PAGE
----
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The role of the thalamus in trial-and-error learning in humans

Publication / Team J.Bastin, Research

On April 3, 2024


GIN researchers have succeeded in proving that the thalamus is indeed involved in trial-and-error learning. Their findings have been published in the scientific journal Nature Communications.

As the philosopher John Locke put it “reward and punishment are the only motives to a rational creature: these are the spur and the reins whereby all mankind is set on work and guided”. Research into reinforcement learning aims to characterize the processes by which people learn, through trial and error, to select actions that maximize or minimize the occurrence of rewards or punishments respectively. 

This form of 'reinforcement learning' recruits a fronto-striatal circuit in our brain. Although the thalamus is a critical node in this circuit, to date there is no direct evidence of its involvement in reinforcement learning in humans. The high spatiotemporal resolution required to distinguish thalamic neuronal activities during such cognitive processes is inaccessible with the ordinary imaging tools used in humans.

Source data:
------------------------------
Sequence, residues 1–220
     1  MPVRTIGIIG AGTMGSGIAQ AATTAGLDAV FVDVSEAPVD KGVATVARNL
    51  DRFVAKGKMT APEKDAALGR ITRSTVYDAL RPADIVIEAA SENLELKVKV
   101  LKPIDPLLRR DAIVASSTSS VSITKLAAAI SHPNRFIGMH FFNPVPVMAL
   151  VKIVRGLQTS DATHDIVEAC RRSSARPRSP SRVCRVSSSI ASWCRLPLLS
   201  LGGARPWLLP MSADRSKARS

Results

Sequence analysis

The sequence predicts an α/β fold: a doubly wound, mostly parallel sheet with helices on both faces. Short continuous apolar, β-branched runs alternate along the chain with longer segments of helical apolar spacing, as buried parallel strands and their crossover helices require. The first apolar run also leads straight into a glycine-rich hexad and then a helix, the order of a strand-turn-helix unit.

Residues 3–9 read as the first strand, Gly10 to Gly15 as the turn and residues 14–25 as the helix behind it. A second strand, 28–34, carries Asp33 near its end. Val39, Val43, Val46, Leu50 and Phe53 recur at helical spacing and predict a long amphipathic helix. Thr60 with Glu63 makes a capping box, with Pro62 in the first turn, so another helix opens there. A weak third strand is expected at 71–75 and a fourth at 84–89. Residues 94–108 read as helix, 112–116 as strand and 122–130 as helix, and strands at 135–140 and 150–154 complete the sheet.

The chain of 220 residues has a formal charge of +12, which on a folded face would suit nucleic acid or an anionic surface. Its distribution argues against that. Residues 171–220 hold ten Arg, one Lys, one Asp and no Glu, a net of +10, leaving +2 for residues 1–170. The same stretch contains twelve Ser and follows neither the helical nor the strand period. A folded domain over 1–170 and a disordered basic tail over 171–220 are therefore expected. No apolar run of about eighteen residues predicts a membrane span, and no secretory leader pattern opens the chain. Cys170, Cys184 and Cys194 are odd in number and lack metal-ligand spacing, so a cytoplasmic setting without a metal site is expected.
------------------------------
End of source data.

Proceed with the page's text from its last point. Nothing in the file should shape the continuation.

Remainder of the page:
To fill this gap, Julien Bastin and his Team “Brain, Behavior and Neuromodulation” conducted a study using rare direct intracranial recordings obtained from the human limbic thalamus of eight patients with drug-resistant epilepsy. These patients were receiving thalamic neural implants used in a clinical trial to test the effects of deep brain stimulation of the anterior thalamus in epilepsy. 

The researchers found that in the anterior thalamus (ATN) and dorsomedial thalamus (DMTN), low-frequency oscillations (LFOs, 4-12 Hz) were positively correlated with expected value (estimated from a computational model) during reward-based learning (after outcome delivery) or punishment-based learning (during the choice process). 

In addition, LFOs recorded in these thalamic nuclei were also negatively correlated with reinforcement, so that both components of prediction errors were found in the human thalamus. 

The observed differences in expectation signals between reward and punishment conditions shed light on the neural mechanisms underlying action inhibition in punishment avoidance learning. 

Their results provide a better understanding of the role of the thalamus in reinforcement-based decision-making in humans.

Reinforcement-learning paradigm and electrophysiological results. Schematic position of the deep brain stimulation electrodes used to record intra-thalamic signals and experimental paradigm used to distinguish reward-based vs. punishment-based learning. Both components of the “teaching signal” (prediction errors) were associated with thalamic LFO.

Reference :

Human thalamic low-frequency oscillations correlate with expected value and outcomes during reinforcement learning.
Collomb-Clerc A, Gueguen MCM, Minotti L, Kahane P, Navarro V, Bartolomei F, Carron R, Regis R, Chabardes S, Palminteri S* and Bastin* J. 
Nat Commun 14, 6534 (2023).


On April 3, 2024

Submitted on April 4, 2024

Updated on April 4, 2024